Executions in Louisiana have been on hold for at least a year due to dearth of lethal-injection drugs _lowres (copy)

The execution chamber of the Louisiana State Penitentiary at Angola is shown in this 2010 Advocate file photo.

A bill in the Louisiana Legislature to hide the names of companies that provide drugs for lethal injections on the state’s death row has had smooth sailing so far.

Anything that might speed the execution of hardened criminals is bound to be popular among lawmakers, and concerns about transparency don’t typically furrow a lot of brows at the State Capitol.

We hope cooler heads prevail, and we urge lawmakers there to kill this ill-conceived bill. Whatever one feels about capital punishment, the public has a right to know how those convicted of the most heinous crimes are being put to death. It’s the only way to keep the process accountable to the public the justice system is supposed to serve.

Louisiana officials have had a hard time finding drugs for lethal injections because companies don’t want to be associated with the practice. The state hasn’t executed an inmate since 2010.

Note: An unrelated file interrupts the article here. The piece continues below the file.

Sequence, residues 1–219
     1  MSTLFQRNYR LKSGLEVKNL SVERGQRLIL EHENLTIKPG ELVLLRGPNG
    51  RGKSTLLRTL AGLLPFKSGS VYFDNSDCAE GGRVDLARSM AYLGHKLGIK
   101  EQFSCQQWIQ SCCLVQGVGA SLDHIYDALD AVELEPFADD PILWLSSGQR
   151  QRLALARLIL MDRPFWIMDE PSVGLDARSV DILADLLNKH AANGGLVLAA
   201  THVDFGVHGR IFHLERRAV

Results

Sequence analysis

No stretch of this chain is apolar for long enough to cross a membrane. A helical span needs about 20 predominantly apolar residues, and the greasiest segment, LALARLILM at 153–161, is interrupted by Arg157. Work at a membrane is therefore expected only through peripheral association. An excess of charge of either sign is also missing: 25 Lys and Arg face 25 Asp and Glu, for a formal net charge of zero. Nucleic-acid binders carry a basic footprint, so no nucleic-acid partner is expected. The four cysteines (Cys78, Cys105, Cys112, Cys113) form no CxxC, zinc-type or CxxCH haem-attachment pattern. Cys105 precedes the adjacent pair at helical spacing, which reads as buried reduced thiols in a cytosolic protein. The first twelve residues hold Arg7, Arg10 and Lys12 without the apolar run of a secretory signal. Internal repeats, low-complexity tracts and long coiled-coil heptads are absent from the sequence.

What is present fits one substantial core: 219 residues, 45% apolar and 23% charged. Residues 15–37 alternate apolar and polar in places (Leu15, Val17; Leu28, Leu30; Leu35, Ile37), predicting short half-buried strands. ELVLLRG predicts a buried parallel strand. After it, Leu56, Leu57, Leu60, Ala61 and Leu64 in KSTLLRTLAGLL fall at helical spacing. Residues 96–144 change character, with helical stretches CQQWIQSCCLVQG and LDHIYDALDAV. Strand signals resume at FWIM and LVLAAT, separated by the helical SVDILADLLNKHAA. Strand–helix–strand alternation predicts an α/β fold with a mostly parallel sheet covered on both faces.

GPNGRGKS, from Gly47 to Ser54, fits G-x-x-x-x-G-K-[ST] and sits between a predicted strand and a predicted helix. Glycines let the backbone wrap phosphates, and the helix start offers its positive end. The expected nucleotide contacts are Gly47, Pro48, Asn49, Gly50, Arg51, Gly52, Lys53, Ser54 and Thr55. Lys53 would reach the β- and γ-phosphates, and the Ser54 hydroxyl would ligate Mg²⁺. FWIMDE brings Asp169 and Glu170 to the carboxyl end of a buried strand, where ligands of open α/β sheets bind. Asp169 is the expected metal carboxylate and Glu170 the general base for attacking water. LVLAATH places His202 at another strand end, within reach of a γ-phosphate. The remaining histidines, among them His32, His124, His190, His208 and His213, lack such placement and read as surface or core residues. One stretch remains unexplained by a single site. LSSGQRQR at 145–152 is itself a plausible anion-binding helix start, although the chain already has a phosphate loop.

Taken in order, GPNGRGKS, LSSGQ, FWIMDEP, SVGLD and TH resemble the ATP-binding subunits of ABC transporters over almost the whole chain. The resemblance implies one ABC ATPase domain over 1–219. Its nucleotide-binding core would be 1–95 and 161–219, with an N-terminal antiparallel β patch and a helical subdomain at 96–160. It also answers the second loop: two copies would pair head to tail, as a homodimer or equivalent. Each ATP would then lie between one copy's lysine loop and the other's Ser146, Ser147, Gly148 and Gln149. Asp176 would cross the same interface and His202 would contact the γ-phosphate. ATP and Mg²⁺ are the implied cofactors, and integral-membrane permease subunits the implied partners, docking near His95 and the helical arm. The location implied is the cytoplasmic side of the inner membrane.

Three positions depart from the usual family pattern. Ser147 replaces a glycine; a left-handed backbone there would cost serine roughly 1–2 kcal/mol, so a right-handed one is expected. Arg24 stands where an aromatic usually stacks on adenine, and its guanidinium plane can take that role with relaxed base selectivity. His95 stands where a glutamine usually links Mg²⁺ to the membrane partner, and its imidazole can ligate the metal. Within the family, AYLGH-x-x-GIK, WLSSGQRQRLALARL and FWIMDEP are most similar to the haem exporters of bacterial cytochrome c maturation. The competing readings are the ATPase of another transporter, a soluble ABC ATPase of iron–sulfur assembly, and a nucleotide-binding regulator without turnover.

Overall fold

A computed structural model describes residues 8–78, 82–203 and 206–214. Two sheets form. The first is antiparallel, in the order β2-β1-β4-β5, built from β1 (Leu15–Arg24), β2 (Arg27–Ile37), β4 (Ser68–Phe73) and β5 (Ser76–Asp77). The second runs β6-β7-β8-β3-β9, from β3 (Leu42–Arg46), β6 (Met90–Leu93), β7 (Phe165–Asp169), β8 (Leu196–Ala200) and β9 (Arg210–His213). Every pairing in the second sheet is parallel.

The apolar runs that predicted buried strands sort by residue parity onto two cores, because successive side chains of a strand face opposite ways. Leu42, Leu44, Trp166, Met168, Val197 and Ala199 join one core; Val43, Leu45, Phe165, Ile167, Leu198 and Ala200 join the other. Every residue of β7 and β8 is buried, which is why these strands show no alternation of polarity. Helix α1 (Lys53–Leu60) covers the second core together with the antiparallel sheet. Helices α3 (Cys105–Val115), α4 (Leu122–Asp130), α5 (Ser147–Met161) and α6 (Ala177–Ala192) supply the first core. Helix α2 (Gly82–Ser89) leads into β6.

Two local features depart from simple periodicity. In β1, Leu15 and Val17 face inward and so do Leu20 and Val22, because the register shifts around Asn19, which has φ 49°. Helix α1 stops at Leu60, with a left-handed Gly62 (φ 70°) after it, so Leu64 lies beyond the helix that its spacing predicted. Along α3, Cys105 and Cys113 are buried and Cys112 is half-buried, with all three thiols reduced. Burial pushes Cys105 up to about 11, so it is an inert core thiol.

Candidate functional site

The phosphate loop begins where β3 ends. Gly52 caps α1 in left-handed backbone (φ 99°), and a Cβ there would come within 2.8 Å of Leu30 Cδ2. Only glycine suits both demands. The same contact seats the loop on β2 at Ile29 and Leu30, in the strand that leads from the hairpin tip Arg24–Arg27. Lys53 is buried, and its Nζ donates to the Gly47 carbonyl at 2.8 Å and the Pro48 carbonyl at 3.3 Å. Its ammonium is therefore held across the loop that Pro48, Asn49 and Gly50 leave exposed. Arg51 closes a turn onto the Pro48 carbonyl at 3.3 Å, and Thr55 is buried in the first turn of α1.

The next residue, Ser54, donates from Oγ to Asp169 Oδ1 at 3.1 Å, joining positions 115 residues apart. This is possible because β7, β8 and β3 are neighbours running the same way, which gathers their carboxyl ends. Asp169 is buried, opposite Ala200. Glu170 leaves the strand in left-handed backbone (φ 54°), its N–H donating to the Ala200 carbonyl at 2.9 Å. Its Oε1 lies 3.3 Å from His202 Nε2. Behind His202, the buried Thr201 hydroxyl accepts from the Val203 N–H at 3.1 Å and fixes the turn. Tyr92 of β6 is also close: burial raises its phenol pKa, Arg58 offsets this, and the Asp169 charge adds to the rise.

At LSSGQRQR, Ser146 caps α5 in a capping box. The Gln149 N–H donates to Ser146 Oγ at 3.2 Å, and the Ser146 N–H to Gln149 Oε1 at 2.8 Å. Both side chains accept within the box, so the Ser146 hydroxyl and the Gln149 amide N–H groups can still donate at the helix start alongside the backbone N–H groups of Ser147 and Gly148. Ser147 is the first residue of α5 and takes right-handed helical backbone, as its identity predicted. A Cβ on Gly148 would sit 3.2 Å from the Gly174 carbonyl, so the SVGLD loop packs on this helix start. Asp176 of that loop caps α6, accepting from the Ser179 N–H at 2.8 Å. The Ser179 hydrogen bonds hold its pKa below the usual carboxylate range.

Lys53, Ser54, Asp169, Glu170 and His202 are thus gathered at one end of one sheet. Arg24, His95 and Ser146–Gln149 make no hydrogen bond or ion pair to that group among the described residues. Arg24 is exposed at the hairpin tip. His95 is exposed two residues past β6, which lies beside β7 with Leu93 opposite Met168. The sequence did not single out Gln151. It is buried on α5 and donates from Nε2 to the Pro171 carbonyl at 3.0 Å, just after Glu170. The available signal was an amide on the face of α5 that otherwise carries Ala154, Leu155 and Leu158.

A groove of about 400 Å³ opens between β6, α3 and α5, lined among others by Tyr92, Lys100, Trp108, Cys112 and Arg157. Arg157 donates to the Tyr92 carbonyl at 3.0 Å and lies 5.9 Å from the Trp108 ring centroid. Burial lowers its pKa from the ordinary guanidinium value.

By hiding the roles of pharmaceutical firms in the gravest act a state can perform, officials hope drug companies will be more inclined to sell the lethal concoctions needed to carry out a death sentence.

But doing controversial work in secret is a gesture of dictatorships, not democracies. It compromises a procedure meant to bring justice to anguished families, and it lessens accountability when the process goes wrong. The history of capital punishment has involved a number of botched executions, and it’s hard to sort out responsibility for such mishaps when the names of key players are hidden from public view.

Numerous recent scandals within Louisiana’s prison system involving double-dealing among key leaders should give lawmakers further pause about lessening any aspect of transparency at the Department of Corrections.

The work of justice in a free republic has never been advanced through shortcuts. HB 258 is such an expedient, and we call on lawmakers to reject it.